huffish vs sulky what difference

what is difference between huffish and sulky

English

Etymology

huff +‎ -ish

Pronunciation

  • IPA(key): /ˈhʌfɪʃ/

Adjective

huffish (comparative more huffish, superlative most huffish)

  1. Disposed to be blustering or arrogant; petulant.

Derived terms

  • huffishly
  • huffishness



English

Etymology

From sulk +‎ -y. The horse-drawn vehicle is so called as it obliges the rider to be alone.

Adjective

sulky (comparative sulkier, superlative sulkiest)

  1. (often derogatory) silent and withdrawn after being upset
    • 1865, Lewis Carroll, Alice’s Adventures in Wonderland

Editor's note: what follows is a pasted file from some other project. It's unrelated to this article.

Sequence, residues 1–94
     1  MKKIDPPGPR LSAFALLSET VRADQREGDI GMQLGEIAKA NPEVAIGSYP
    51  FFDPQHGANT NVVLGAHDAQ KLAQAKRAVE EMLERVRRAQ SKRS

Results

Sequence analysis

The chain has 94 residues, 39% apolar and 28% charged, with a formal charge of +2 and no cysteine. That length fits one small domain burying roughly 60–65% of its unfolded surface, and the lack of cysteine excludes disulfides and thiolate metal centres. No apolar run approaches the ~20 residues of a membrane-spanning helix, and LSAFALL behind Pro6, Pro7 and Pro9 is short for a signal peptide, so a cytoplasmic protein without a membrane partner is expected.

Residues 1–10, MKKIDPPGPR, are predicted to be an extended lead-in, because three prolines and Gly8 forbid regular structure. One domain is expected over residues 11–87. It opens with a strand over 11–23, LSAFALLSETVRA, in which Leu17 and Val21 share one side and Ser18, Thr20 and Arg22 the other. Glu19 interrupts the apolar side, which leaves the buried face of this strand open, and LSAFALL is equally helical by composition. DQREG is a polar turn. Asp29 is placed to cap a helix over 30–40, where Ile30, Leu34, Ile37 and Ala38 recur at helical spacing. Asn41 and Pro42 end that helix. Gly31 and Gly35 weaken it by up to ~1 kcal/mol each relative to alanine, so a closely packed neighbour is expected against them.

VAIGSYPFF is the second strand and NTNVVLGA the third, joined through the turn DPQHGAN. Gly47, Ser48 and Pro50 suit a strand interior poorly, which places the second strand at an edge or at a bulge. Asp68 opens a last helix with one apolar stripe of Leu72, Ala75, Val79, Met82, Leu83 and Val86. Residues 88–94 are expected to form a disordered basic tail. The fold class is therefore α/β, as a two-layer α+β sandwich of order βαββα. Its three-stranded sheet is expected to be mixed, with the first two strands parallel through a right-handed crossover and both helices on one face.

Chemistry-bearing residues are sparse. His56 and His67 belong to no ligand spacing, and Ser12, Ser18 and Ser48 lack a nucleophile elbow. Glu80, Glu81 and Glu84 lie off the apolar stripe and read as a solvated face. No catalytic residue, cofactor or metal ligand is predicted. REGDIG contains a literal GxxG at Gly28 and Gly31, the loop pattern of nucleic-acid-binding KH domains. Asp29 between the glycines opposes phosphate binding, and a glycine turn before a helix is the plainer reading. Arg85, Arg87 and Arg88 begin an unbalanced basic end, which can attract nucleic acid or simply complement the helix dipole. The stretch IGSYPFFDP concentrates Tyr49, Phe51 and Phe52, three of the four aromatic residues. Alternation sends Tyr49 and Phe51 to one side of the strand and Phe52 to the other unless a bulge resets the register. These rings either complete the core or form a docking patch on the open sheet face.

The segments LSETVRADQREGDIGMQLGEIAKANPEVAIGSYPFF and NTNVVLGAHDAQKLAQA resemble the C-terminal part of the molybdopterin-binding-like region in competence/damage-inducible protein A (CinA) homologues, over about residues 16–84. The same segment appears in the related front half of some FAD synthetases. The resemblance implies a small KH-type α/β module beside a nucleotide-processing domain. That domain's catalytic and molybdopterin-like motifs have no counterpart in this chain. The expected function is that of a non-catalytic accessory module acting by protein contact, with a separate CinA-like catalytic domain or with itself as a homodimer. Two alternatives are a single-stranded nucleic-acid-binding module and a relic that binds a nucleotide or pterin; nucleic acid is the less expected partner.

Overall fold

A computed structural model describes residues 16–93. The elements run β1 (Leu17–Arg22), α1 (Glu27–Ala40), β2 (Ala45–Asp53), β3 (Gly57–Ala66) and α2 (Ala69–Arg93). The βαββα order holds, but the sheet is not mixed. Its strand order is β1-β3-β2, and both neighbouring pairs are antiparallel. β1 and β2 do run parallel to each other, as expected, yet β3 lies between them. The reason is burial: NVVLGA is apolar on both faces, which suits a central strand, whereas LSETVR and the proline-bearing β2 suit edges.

The first question of course was, how to get dry again: they had a consultation about this, and after a few minutes it seemed quite natural to Alice to find herself talking familiarly with them, as if she had known them all her life. Indeed, she had quite a long argument with the Lory, who at last turned sulky, and would only say, “I’m older than you, and must know better.” And this Alice would not allow, without knowing how old it was, and, as the Lory positively refused to tell its age, there was no more to be said.
    Synonyms: sullen, morose

Translations

Noun

sulky (plural sulkies)

  1. A low two-wheeled cart, used in harness racing.
  2. Any carriage seating only the driver.

Translations


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